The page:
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Sir George Adlington Syme (1859–1929)

by Bernard McC. O'Brien

This article was published:

Mabel and George Syme, Fairfax Corporation photo, 1928

Mabel and George Syme, Fairfax Corporation photo, 1928

National Library of Australia, 51774575

Sir George Adlington Syme (1859-1929), surgeon, was born on 13 July 1859 at Sherwood, Nottinghamshire, England, son of George Alexander Syme, Baptist minister, and his wife Susanna, née Goodier. In 1863 his father brought the family to Melbourne, where his brothers David and Ebenezer had founded the Age, and worked as a journalist and editor of the Leader newspaper.

Educated at Wesley College and the University of Melbourne (M.B., 1881; B.Ch., 1882; M.S., 1888), George Adlington graduated with first-class honours and an exhibition, and became a resident medical officer at the Melbourne Hospital. After studying at King's College Hospital, London, he was made a fellow of the Royal College of Surgeons of England in 1885. He held appointments at the Royal London Ophthalmic Hospital, the Central London Throat and Ear Hospital and the Soho Hospital, receiving excellent testimonials from senior London surgeons.

In 1887 Syme returned to Melbourne and was appointed demonstrator and examiner in anatomy at the university, honorary pathologist to the Women's Hospital, editor of the Intercolonial Medical Journal and honorary surgeon to out-patients at the Melbourne Hospital. In 1889 he became surgeon to the Victorian police force and in 1890 acting professor of anatomy. In 1891 he was appointed honorary consultant surgeon to the Melbourne Dental Hospital and in 1893 honorary surgeon to in-patients at St Vincent's Hospital where, that year, he carried out the first successful removal of an intra-cranial meningioma in Australia.

On 10 May 1899 at St John's Anglican Church, Camberwell, Syme married English-born Mabel Berry (d.1931). He established his home and practice at 19 Collins Street, Melbourne. In 1903 Syme resigned from St Vincent's when he was appointed in-patient surgeon to the Melbourne Hospital. There he practised general surgery: his interests included abdominal surgery, ophthalmology, otolaryngology, neurosurgery and orthopaedics. The Melbourne was his first love: he was a student, resident, surgeon, consultant surgeon and finally president of that hospital.

A man of few words, he was known as 'Silent Syme'. Short and thickset, he was highly intelligent, but of dour expression. He spoke slowly, and precisely. Though not a humorous man, he appreciated humour in others. A member of the Repertory, Beefsteak and Wallaby clubs, he was interested in classics, theatre and bushwalking. Above all, he was a man of honesty and integrity, with a profound respect for ethics.

In 1914 Syme enlisted in the Australian Imperial Force with the rank of lieutenant-colonel and served with the 1st Australian General Hospital in Egypt. He was appointed surgeon consultant to the hospital ship Gascon which anchored off Gallipoli. Invalided back to Australia in 1916, after contracting septicaemia through operating, he was an active consultant to the Repatriation Commission and a member of the university council (1912-29). He retired from the Melbourne Hospital in 1919. In 1924 he chaired the Commonwealth royal commission on health.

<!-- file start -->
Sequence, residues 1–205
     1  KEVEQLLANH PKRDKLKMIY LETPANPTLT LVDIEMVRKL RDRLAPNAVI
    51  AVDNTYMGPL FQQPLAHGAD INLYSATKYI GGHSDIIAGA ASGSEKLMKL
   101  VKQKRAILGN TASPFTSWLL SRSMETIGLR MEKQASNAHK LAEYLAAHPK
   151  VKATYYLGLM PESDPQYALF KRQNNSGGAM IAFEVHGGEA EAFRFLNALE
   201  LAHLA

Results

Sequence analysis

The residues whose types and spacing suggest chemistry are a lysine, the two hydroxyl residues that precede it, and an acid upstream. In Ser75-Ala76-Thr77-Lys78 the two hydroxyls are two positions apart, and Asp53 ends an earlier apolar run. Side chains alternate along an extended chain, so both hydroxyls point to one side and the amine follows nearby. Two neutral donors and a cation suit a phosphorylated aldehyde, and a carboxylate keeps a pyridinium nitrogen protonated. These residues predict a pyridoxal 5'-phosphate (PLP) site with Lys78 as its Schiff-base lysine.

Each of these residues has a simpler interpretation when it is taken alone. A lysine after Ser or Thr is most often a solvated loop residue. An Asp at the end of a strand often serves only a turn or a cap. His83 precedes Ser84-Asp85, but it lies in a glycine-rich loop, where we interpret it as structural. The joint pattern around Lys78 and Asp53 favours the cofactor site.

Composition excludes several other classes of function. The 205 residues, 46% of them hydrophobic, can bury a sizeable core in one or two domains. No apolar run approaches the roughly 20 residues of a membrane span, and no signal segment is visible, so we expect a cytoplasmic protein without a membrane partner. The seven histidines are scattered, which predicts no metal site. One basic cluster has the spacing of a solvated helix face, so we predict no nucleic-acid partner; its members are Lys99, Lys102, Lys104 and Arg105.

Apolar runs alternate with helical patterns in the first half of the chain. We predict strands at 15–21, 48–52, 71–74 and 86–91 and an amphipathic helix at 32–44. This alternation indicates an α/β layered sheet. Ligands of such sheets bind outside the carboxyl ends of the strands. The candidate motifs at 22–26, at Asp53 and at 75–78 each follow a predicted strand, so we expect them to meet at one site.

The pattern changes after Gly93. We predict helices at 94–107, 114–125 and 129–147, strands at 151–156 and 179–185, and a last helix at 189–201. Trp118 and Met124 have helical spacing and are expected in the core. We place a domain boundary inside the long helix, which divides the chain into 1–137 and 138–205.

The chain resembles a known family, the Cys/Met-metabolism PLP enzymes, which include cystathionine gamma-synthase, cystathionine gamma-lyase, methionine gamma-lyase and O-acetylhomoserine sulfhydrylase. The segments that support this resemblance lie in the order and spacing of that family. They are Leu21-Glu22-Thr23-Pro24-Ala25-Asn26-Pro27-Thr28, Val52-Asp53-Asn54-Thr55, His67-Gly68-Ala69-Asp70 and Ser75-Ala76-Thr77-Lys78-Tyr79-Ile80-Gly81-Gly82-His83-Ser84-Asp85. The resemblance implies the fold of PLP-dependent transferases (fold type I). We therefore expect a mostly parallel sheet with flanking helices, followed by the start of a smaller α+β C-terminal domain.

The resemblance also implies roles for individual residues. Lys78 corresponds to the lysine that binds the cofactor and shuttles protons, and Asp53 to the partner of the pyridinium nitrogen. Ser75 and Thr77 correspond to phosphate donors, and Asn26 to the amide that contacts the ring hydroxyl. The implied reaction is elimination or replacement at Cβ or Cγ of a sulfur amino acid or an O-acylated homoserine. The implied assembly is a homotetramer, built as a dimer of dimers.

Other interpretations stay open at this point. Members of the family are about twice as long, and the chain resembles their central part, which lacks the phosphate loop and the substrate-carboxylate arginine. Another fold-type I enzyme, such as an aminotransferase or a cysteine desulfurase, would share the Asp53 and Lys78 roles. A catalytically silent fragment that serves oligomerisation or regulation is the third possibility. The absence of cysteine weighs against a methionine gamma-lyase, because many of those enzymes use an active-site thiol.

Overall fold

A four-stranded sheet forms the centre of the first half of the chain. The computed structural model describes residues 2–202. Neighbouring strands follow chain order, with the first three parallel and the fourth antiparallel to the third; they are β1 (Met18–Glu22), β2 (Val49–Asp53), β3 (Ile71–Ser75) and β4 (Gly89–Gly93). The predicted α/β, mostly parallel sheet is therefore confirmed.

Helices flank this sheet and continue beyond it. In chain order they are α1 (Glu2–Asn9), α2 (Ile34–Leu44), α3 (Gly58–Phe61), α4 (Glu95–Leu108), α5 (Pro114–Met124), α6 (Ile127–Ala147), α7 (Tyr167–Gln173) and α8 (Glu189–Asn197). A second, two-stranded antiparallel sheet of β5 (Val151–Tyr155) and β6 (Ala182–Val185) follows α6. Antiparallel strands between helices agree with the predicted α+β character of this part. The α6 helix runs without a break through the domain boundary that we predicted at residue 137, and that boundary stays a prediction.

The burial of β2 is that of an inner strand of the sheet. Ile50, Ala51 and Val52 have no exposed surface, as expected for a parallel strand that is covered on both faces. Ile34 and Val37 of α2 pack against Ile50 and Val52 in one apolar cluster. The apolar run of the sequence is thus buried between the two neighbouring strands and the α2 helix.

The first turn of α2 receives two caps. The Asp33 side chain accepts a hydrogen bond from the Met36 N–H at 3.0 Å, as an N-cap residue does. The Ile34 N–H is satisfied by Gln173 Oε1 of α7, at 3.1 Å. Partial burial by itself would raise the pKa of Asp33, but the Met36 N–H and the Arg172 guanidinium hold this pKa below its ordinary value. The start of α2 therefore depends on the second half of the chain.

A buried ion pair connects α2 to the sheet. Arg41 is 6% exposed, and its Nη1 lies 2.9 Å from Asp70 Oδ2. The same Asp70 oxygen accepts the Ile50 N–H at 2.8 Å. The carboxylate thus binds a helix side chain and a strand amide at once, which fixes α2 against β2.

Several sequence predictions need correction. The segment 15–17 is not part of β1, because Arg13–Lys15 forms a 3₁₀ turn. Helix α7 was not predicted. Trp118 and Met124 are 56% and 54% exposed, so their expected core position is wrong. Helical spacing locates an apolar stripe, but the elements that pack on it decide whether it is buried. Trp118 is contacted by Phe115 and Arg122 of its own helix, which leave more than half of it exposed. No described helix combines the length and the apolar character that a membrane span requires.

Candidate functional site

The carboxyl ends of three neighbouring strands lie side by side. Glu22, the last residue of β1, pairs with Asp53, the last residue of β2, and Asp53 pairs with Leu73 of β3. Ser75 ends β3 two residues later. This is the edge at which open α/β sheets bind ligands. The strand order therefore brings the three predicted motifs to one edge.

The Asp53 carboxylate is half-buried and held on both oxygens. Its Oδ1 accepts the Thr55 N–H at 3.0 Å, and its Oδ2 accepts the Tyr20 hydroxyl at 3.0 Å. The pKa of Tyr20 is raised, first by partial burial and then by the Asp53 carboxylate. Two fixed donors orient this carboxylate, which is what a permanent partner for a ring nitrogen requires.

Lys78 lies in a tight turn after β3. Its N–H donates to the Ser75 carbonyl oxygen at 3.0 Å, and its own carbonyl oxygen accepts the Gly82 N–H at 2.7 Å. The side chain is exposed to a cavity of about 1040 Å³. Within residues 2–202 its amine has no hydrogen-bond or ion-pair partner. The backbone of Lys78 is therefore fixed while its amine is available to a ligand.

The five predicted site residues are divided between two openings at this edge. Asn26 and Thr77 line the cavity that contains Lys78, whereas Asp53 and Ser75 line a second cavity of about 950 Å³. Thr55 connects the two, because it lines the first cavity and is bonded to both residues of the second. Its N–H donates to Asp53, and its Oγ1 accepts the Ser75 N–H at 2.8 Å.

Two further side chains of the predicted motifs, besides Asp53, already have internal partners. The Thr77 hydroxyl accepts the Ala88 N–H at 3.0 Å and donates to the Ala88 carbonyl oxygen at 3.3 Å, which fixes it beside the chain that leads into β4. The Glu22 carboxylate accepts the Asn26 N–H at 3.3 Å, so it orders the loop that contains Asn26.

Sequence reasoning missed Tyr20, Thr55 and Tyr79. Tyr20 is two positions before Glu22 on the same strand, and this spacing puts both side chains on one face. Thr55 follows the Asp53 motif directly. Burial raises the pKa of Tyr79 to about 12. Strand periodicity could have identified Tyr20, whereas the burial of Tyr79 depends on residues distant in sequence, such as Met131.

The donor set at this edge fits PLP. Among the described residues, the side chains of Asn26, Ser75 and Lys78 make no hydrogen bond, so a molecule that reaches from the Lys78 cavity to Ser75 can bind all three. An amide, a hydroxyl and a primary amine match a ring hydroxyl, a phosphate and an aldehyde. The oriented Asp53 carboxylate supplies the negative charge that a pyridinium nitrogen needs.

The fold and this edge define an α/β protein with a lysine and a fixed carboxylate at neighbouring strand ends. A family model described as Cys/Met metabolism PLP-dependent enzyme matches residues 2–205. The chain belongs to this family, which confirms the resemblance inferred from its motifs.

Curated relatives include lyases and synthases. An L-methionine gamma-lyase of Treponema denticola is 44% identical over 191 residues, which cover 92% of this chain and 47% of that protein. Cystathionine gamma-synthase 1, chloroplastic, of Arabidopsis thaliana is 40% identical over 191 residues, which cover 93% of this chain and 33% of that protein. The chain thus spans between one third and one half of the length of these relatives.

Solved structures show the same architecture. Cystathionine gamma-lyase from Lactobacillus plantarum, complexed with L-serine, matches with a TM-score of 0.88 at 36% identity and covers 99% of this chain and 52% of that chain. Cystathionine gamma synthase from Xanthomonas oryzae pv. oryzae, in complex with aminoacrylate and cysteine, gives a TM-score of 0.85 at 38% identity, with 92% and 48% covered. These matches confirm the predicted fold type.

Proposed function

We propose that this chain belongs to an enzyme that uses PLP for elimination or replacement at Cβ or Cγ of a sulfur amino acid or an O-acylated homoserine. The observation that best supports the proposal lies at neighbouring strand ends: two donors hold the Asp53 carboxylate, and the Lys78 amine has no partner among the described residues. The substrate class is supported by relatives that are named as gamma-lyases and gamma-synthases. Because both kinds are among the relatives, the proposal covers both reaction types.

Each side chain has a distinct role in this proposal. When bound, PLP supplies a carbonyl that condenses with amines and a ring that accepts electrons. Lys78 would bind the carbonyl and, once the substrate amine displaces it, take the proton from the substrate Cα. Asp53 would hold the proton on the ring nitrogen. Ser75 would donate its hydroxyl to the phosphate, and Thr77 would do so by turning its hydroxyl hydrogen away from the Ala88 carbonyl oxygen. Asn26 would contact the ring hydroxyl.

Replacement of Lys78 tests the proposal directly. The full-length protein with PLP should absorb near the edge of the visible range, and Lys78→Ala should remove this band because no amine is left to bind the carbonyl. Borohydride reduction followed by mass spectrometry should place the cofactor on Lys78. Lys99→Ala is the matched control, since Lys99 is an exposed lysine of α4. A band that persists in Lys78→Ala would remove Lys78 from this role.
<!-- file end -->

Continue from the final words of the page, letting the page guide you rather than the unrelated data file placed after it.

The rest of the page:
Twice president of the Victorian branch of the British Medical Association (1908, 1919), chairman of the federal council (1922-29) and a vice-president of the parent body, Syme was knighted in 1924 on retirement from practice. He was president of the Australasian Medical Congress (British Medical Association) in 1924-27. His crowning achievement came with the formation of the College of Surgeons of Australasia (Royal Australasian College of Surgeons) of which he became first president in 1927. His stability, judicial approach and wisdom made him a natural leader. In 1928 he was awarded an honorary LL.D. by the University of Wales and an honorary fellowship of the American College of Surgeons. Syme died of a cerebral haemorrhage at his Malvern home on 19 April 1929 and was buried in Brighton cemetery. His wife, three daughters and son survived him. A portrait by John Longstaff is held by the Royal Australasian College of Surgeons, Melbourne.

Select Bibliography

  • In Memoriam. George Adlington Syme 1859-1929 (Melb, nd, 1929?)
  • B. K. Rank, Jerry Moore and Some of His Contemporaries (Melb, 1975)
  • P. Kennedy (ed), The Founders of the Royal Australasian College of Surgeons (Melb, 1984)
  • Medical Journal of Australia, 7 July 1956.

Citation details

Bernard McC. O'Brien, 'Syme, Sir George Adlington (1859–1929)', Australian Dictionary of Biography, National Centre of Biography, Australian National University,, published first in hardcopy 1990, accessed online 16 June 2024.

This article was published in hardcopy in Australian Dictionary of Biography, Volume 12, (Melbourne University Press), 1990

View the front pages for Volume 12

© Copyright Australian Dictionary of Biography, 2006-2024

Mabel and George Syme, Fairfax Corporation photo, 1928

Mabel and George Syme, Fairfax Corporation photo, 1928

National Library of Australia, 51774575

Life Summary [details]


13 July, 1859
Sherwood, Nottinghamshire, England


19 April, 1929 (aged 69)
Malvern, Melbourne, Victoria, Australia

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